Full-duplex nTAPs
Full-duplex nTAPs will not drop packets. It is critical that
they be connected to a specialized, full-duplex analyzer
capable of receiving two separate streams of data and
recombining the streams for analysis.
Aggregator nTAPs
It is possible for Aggregator nTAPs to drop packets. When
network traffic coming into the Aggregator nTAP exceeds
the capture capacity of the analyzer, the TAP will cache the
data that the analyzer is unable to receive.
Q: What split ratio do I need when deploying an
optical nTAP?
A: While we recommend that you always test the strength of
your optical signal with a meter, if all devices between the
connections are within 30 meters of the nTAP, a 50/50 split
ratio is ideal. For longer hauls, it may be necessary to choose
a split ratio that diverts more of the signal to the distant
device.
You should first determine the signal strength capabilities
and requirements of your monitoring equipment, as well
as the send power and receive sensitivity for the devices
on either side of the link being monitored.

Multimode 62.5 μm

Multimode 50 μm

Single-mode 9 μm

1300 nm

850 nm

1300 nm

850 nm

1310 nm

50/50

3.9/3.9

4.7/4.7

4.5/4.5

5.5/5.5

3.6/3.6

60/40

3.0/5.0

3.8/5.7

3.7/5.6

4.7/6.6

2.8/4.8

70/30

2.3/6.3

3.0/7.0

2.9/7.0

3.9/8.0

2.0/6.1

80/20

1.7/8.3

2.4/9.0

2.3/9.0

3.2/10.0

1.3/8.0

90/10

1.2/12

1.9/12.5

1.8/12.8

2.7/13.5

.8/12.0

Copper Full-Duplex and Aggregator nTAP Technical Specifications
Dimensions
Depth

7.66 in / 19.46 cm

Width (faceplate)

5.85 in / 14.86 cm

Width (box)

4.55 in / 11.56 cm

Height (faceplate)

1.10 in / 2.79 cm

Supported Media
Copper Interface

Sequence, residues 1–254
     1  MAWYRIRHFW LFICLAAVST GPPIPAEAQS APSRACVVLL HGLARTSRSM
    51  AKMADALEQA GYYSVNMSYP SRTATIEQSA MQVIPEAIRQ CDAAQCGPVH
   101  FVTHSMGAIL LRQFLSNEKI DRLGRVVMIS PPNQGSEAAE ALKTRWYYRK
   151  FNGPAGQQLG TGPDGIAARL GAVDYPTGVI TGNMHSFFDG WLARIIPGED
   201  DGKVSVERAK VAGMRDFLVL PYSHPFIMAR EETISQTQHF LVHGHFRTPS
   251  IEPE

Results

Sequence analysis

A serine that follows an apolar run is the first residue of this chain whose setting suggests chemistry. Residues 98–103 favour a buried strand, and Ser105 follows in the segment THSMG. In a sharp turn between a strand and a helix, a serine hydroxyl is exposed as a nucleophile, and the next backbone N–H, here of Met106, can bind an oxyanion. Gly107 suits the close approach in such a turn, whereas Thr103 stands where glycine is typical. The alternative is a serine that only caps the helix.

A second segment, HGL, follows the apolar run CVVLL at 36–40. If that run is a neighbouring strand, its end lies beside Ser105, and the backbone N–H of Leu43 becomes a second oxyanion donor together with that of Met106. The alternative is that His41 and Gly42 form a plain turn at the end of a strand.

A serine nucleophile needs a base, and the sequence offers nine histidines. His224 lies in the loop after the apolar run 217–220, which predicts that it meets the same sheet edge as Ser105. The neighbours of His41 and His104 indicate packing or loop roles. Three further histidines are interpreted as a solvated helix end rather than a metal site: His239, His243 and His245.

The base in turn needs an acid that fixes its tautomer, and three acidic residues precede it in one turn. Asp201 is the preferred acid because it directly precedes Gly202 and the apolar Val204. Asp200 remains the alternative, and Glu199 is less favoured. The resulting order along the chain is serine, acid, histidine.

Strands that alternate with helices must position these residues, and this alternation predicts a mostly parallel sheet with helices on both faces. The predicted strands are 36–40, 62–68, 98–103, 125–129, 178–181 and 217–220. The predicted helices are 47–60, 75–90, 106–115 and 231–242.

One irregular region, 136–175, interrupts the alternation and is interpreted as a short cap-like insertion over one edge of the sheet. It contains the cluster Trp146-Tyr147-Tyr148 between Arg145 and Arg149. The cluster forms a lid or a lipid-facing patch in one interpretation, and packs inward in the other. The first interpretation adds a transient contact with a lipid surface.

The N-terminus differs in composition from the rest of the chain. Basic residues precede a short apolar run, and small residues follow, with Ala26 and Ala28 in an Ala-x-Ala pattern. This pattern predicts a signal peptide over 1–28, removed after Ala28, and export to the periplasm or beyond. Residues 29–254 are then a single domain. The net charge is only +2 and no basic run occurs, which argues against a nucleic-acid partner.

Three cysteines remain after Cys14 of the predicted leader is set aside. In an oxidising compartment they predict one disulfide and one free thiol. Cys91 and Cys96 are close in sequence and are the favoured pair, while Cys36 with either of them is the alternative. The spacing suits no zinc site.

Link A / Link B (link under test)

RJ45 Ethernet

Copper Analyzer Interface

RJ45 Ethernet

SFP Interface (conversion nTAPs only)
SX (850 nm)

1000BaseSX, LC connector

LX (1310 nm)

1000Base, LC connector

Regulatory Compliance (All Copper and Aggregator nTAPs)
Emissions

FCC Part 15 Class B

CE Mark

EN61000-3-2, EN55024, EN55022A

About Network Instruments
Network Instruments provides in-depth network intelligence and continuous network availability through innovative analysis solutions. Enterprise network professionals depend on Network
Instruments’ Observer product line for unparalleled network visibility to efficiently solve network problems and manage deployments. By combining a powerful management console with
high-performance analysis appliances, Observer simplifies problem resolution and optimizes network and application performance. The company continues to lead the industry in ROI with its
advanced Distributed Network Analysis (NI-DNA™) architecture, which successfully integrates comprehensive analysis functionality across heterogeneous networks through a single monitoring
interface. Network Instruments is headquartered in Minneapolis with sales offices worldwide and distributors in over 50 countries. For more
information about the company, products, technology, NI-DNA, becoming a partner, and NI University please visit www.networkinstruments.com.

© 2006 Network Instruments, LLC. All rights reserved. Network Instruments, nTAP, and all associated logos are trademarks or registered trademarks of Network Instruments, LLC. All other trademarks, registered or unregistered, are sole property of their respective owners.